A motion from Cllr Michael O'Brien calling on the local authority to write to the Government to seek the legalisation of medical cannabis received cautious support at a meeting of the Athlone Municipal District this week.
A similar motion which the Moate-based councillor introduced at a full meeting of the county council was voted down earlier this summer, but he had more success with it among the Athlone-area councillors.
Cllr O'Brien called for a letter to be sent to Health Minister Simon Harris "calling for urgent legislation to be put in place for the legalisation of medical cannabis oil, and that he takes swift action to ensure that all Irish seeking this treatment abroad are allowed to return home and legally continue with their treatment."
The Independent councillor said he knows Athlone man Kenny Tynan, who is currently in Spain receiving medical cannabis treatment for brain cancer, and is also aware of the case of Vera Twomey who brought her daughter Ava to the Netherlands to access medical cannabis treatment for a severe form of epilepsy called Dravet Syndrome.
"I think it's very sad to see people with very serious conditions having to leave the country in order to access this treatment," he said. "I know Kenny Tynan, I know others who are contemplating going abroad, and it's so sad that they're being separated from their family as a result of this."
Cllr O'Brien stated that a medical cannabis bill which had been introduced in the Dail recently was "effectively defeated" at health committee stage.
If it was felt that this legislation was "not fit for purpose and not legally sound" then the Government should replace it with a more suitable bill to legalise medical cannabis, he suggested.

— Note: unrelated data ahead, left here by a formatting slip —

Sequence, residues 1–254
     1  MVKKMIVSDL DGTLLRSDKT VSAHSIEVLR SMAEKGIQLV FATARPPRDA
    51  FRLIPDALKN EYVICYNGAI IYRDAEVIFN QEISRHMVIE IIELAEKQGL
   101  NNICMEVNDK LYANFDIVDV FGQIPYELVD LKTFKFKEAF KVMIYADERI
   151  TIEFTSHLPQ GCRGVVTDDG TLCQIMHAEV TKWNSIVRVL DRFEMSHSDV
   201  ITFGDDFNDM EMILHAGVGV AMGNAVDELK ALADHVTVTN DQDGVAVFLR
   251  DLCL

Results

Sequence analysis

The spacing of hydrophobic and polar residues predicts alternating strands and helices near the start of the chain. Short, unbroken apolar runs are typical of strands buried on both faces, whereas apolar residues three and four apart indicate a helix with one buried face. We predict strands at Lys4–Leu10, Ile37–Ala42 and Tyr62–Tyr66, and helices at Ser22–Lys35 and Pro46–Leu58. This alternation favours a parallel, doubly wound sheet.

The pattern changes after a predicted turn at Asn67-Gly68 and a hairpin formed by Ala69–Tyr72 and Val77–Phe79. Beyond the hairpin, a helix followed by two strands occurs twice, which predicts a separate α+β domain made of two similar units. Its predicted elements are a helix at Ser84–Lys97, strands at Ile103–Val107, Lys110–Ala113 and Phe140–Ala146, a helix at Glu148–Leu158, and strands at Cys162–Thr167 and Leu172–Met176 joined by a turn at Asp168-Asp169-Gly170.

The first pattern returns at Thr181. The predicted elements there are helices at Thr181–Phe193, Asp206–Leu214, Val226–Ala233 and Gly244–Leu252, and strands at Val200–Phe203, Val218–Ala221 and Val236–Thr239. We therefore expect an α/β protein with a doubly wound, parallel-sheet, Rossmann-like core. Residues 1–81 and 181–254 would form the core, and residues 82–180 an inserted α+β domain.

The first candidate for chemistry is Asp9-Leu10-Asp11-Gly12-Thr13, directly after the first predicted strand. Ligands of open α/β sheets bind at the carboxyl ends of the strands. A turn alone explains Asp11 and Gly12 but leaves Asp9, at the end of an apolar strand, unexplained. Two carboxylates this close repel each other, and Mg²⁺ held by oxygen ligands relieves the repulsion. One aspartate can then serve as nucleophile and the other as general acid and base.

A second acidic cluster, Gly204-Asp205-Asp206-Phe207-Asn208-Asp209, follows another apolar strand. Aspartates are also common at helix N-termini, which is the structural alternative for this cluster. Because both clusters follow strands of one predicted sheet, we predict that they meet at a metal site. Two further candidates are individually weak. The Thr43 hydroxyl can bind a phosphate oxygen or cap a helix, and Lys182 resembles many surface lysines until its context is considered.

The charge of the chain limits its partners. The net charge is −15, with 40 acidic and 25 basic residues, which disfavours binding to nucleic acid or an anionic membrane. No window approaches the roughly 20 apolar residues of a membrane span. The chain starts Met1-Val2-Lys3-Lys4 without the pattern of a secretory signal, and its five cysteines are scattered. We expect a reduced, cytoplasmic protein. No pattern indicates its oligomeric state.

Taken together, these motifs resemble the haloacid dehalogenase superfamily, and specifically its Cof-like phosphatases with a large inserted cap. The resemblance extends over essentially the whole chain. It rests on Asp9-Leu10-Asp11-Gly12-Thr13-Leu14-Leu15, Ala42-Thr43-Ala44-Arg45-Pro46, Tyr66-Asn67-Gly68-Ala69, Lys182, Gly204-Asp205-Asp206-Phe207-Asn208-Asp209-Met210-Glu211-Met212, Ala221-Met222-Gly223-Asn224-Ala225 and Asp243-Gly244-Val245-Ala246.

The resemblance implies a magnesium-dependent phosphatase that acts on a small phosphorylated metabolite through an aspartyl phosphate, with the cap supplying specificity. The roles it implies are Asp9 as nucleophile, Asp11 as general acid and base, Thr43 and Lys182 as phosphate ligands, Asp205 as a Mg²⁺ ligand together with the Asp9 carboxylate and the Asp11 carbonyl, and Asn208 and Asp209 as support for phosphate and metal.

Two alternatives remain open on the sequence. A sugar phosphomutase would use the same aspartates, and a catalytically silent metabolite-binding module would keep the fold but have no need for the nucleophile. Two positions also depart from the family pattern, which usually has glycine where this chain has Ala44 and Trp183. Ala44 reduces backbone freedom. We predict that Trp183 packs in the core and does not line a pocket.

He said some people had issues with this treatment because of the word "cannabis" but that CBD and THC, the two active compounds found in medical cannabis oil counteracted one another and there was no "high" for the person taking it.
"Kenny Tynan has made huge progress with his brain cancer since he started this treatment. He's been able to come off prescription drugs that he had been taking. He's walking 3 to 6 kilometres a day and he feels like a well man," said Cllr O'Brien.
He said that "every second funeral I go to is a cancer funeral" and that people who were suffering from serious illness should have the option of undergoing cannabis treatment without breaking the law.
"It's a typical Irish thing - brush it under the carpet and say nothing. We have it with abortion and with other things too. We need to man up here," he stated.
"The evidence is there. This is not about drugs, it's about supporting people who are in a very serious situation."
Athlone Mayor Aengus O'Rourke thanked Cllr O'Brien for his heartfelt comments on this issue. "I have no problem supporting your call for a letter to issue to the Minister and I'd be interested to see what he has to say on it," he said.
Cllr Frankie Keena said he was aware of people who also had to travel abroad to access treatment for Lyme Disease and he suggested that Ireland was "falling behind when it comes to helping people with these conditions."
He said, however, that he would like to see further research being carried out in relation to medical cannabis.
"I wouldn't have the knowledge on this myself but I think they should fast-track further research on it," said Cllr Keena.
Cllr Tom Farrell said he "would be in agreement with the letter being sent, but that's about it," and gave a slight shake of his head, suggesting he wasn't convinced of the effectiveness of medical cannabis.